A very abridged timeline of the warm Canadian response to the Southeast Asian refugee crisis in the late 70s and early 80s. Shown at the 30th anniversary of Canada's Nansen Medal Award in June of 2016, at the Museum of History.Read More
Scattered across the world, the Boat People shaped unknown and alien places, into their new homes. Hear their stories of adjusting to their new surroundings.
Shown at the 30th Anniversary of the People of Canada's Nansen Medal Award, in recognition of the warm and empathic response of ordinary Canadians to refugee crises across the globe.
In this video, the children of the Southeast Asian refugees that arrived in Canada in the late 70s and early 80s speak to what they believe it means to be Vietnamese Canadian.Read More
In the late 70s, as the refugee crisis in the South China Sea became more dire and publicized, a group led by Rupert Neudeck formed the committee “A ship for Vietnam” to rescue the Boat People fleeing oppressive regimes. And so the Cap Anamur was born against the “express will of the German government”, but funded and supported by the German people themselves. The organization would go on to save 11,300 Vietnamese refugees in the South China Sea, and exists to this day helping those in need all around the world.Read More
"The Cap Anamur was our saviour, it had given us a second chance at life, a rebirth. We had to repay the German people for their help."Read More
The Cap Anamur came to the island to help us find new homes. They helped us draw up papers for wherever we wanted to go. Now, at the time, we really only knew of the US, or Australia. Germany didn’t exactly come to mind!Read More
"Looking around us, in every direction, the sea stretched as far as the eye could see. All around us, just sea and sky. We began to lose hope."Read More
"We'll take the other 4000."
In the spring of 1979, as desperate refugees fled persecution and chaos in Southeast Asia, Canada's capital city and its Mayor Marion Dewar bravely stepped up to the plate in an effort to resettle thousands of those displaced by conflict. Project 4000, as it came to be know, marked the beginning of large scale resettlement programs in Canada.
Listen as Brian Buckley, author of "The Gift of Freedom", describes a "luminous summer in Ottawa".Read More
Laid out before me on my desk are rows and rows of pictures from the winter of 1979 to spring of 1980. Yellow sticky notes jot down faded memories of Vietnamese children and babies sitting on galley counter-tops, a child finding a galley cubby hole to explore, the flight dispatcher with a baby in his arms, crews waiting on the tarmac, and the families without family.Read More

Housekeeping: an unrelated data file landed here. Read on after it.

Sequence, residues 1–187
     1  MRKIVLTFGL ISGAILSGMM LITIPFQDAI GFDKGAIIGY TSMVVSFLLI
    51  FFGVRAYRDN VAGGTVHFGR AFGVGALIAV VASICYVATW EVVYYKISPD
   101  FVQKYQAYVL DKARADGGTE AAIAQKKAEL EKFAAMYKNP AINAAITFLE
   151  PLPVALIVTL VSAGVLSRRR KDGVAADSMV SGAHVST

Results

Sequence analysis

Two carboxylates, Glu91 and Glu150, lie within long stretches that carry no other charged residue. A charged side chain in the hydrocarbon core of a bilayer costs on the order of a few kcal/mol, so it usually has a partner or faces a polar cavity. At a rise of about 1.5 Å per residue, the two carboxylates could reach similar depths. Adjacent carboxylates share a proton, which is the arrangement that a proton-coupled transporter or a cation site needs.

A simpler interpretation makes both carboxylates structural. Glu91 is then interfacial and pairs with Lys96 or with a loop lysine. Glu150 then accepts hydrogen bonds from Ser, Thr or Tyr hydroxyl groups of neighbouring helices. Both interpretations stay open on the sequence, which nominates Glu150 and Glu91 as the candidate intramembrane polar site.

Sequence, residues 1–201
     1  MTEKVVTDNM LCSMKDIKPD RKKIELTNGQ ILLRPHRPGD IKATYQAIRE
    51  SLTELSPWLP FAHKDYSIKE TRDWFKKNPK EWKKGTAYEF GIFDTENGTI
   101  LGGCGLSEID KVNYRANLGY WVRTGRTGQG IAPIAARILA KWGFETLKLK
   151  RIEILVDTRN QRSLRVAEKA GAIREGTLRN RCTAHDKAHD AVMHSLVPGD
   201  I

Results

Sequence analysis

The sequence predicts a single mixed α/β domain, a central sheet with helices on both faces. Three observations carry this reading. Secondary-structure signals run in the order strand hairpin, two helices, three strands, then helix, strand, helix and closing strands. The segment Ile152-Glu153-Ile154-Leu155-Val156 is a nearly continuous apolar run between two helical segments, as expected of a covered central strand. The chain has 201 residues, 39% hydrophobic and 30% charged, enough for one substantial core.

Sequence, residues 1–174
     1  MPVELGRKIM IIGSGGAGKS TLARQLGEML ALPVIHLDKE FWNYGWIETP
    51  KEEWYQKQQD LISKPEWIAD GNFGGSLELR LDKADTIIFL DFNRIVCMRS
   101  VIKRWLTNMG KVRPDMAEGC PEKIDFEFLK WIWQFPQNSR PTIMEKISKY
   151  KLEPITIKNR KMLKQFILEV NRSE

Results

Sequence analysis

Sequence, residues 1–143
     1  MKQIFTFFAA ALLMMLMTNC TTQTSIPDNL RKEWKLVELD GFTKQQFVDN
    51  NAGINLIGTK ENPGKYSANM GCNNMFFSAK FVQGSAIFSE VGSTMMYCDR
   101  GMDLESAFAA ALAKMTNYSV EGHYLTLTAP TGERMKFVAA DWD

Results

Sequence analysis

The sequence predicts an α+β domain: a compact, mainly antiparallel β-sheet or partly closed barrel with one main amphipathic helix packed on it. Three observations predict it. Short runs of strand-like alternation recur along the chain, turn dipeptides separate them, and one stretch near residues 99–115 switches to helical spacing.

Nguyen Huu Huan is one of the Boat People, braving the South China Sea himself during his own journey to freedom. He currently resides in Hamburg, Germany. Here is his incredible story aboard the humanitarian vessel Cap Anamur II.Read More
[...] at the time, China was invading the North of Vietnam. And so the government was conscripting anyone over the age of eighteen for the war. After he finished high school, your uncle got the papers telling him to report for duty. Your grandma asked uncle Thiep if he’d rather wait, or take a boat and leave. He chose to leave.
He wanted me to adopt him and his sister right there while we were talking in the galley, sitting on the tray units, of course! I had noticed him in my cabin because all the lights were off and the cabin in darkness, with all passengers fast asleep....except him.Read More
Here’s a picture of me at the refugee camp. I had a friend here that went to school with me, he had arrived almost a year before me and had an American family supporting him.Read More
Thirty-six years is a long way to go back in one’s memory. Especially my memory! How I came to lead an Air Canada crew on the first flight that became known as the “Boat People” charters out of Kuala Lumpur in 1979 – I'm not quite sure.Read More
This was such an emotional time for all entire crew. These people had been through so much and had to leave virtually everything behind. We wanted to help in any way we could so we brought them as many clothes and personal items as we could.Read More
Of all the stories generated by the Vietnamese Refugee Charters, here is a favorite encounter from my own experiences.Read More
Working for Air Canada as a flight attendant from the Vancouver base and participating in the Vietnamese Refugee Charters during 1979-80 was an exceptional experience in my career.Read More
From the relative comfort of our air conditioned aircraft I gazed at our passengers on the tarmac. Some were still on the buses while others stood without shelter under the blazing sun. I was soon to have my first encounter with some of the Vietnamese survivors who would become known as the “Boat People.”Read More
The time had arrived to board the rest of the group. It was suggested to board the mothers and children first but that was impractical since on no account did anyone wish to be separated.
The eyes of children were the most unforgettable sight I've ever experienced.Read More
I had never been to the far East, and so this seemed very exciting. We would be gone longer than any previous flights, and being together as a crew in a far more intimate way. We would be more dependent on each other, and represent not only Air Canada, but the country of Canada.Read More
Many Vietnamese youth born overseas are torn between their identities as Vietnamese and their country of birth. For Thompson Nguyen, this is especially true of his two names. He performed this monologue at the Buddies in Bad Times Theatre, in Toronto.Read More